Subversion of Host Membrane Dynamics by the Legionella Dot/Icm Type IV Secretion System

Part of the Current Topics in Microbiology and Immunology book series (CT MICROBIOLOGY, volume 413)


Legionella species are Gram-negative ubiquitous environmental bacteria, which thrive in biofilms and parasitize protozoa. Employing an evolutionarily conserved mechanism, the opportunistic pathogens also replicate intracellularly in mammalian macrophages. This feature is a prerequisite for the pathogenicity of Legionella pneumophila, which causes the vast majority of clinical cases of a severe pneumonia, termed “Legionnaires’ disease.” In macrophages as well as in amoeba, L. pneumophila grows in a distinct membrane-bound compartment, the Legionella-containing vacuole (LCV). Formation of this replication-permissive pathogen compartment requires the bacterial Dot/Icm type IV secretion system (T4SS). Through the T4SS as many as 300 different “effector” proteins are injected into host cells, where they presumably subvert pivotal processes. Less than 40 Dot/Icm substrates have been characterized in detail to date, a number of which show unprecedented biological activities. Some of these effector proteins target host cell small GTPases, phosphoinositide lipids, the chelator phytate, the ubiquitination machinery, the retromer complex, the actin cytoskeleton, or the autophagy pathway. A recently discovered class of L. pneumophila effectors modulates the activity of other effectors and is termed “metaeffectors.” Here, we summarize recent insight into the cellular functions and biochemical activities of L. pneumophila effectors and metaeffectors targeting the host’s endocytic, retrograde, or autophagic pathways.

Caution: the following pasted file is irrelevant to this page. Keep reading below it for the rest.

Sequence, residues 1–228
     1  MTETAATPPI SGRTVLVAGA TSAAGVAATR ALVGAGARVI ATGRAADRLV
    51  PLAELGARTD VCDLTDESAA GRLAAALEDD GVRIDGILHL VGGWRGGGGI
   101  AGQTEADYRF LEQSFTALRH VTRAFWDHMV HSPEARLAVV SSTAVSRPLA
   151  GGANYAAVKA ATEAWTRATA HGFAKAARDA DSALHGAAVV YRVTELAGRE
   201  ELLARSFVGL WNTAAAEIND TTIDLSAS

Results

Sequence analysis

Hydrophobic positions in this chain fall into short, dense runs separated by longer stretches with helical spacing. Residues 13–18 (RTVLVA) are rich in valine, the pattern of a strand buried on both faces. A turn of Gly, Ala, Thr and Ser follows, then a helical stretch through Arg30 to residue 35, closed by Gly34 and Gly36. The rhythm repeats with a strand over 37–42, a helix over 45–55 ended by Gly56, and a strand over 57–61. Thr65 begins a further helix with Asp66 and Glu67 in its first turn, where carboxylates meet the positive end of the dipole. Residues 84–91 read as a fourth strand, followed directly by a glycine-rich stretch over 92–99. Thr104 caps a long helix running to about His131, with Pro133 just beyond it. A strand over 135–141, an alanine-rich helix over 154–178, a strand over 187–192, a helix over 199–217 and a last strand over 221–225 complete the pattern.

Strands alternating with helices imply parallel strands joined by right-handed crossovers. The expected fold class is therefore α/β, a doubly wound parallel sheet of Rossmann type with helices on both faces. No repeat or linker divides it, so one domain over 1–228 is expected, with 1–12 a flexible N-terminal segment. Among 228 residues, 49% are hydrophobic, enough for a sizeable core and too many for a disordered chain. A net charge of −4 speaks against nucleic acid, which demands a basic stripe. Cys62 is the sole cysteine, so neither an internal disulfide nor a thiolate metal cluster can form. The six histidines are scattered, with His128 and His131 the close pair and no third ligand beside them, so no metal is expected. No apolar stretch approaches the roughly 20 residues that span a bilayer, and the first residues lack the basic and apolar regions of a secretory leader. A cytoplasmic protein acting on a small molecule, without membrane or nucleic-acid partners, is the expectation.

Amoebae Autophagy Dictyostelium Effector protein Endosome’ GTPase Host–pathogen interaction Intracellular bacteria Legionella Macrophage Pathogen vacuole Phosphoinositide lipid Retrograde transport Type IV secretion Vesicle trafficking 



Research in the laboratory of H. H. was supported by the Swiss National Science Foundation (SNF; 31003A_153200), the German Ministry of Education and Research (BMBF) in the context of the EU Infect-ERA initiative (project EUGENPATH), the Novartis Foundation for Medical-Biological Research, and the OPO foundation. Research in the laboratory of H. N. was supported in part by MEXT/JSPS KAKENHI Grants 15H01322, 15H04728, 16H05189, and 16K14724. Research in the laboratory of C. R. R. was funded by NIH grant R37 AI041699.


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Copyright information

© Springer International Publishing AG 2017

Authors and Affiliations

  1. 1.Institute of Medical Microbiology, University of ZürichZurichSwitzerland
  2. 2.School of MedicineGifu UniversityGifuJapan
  3. 3.Department of Microbial PathogenesisYale UniversityNew HavenUSA

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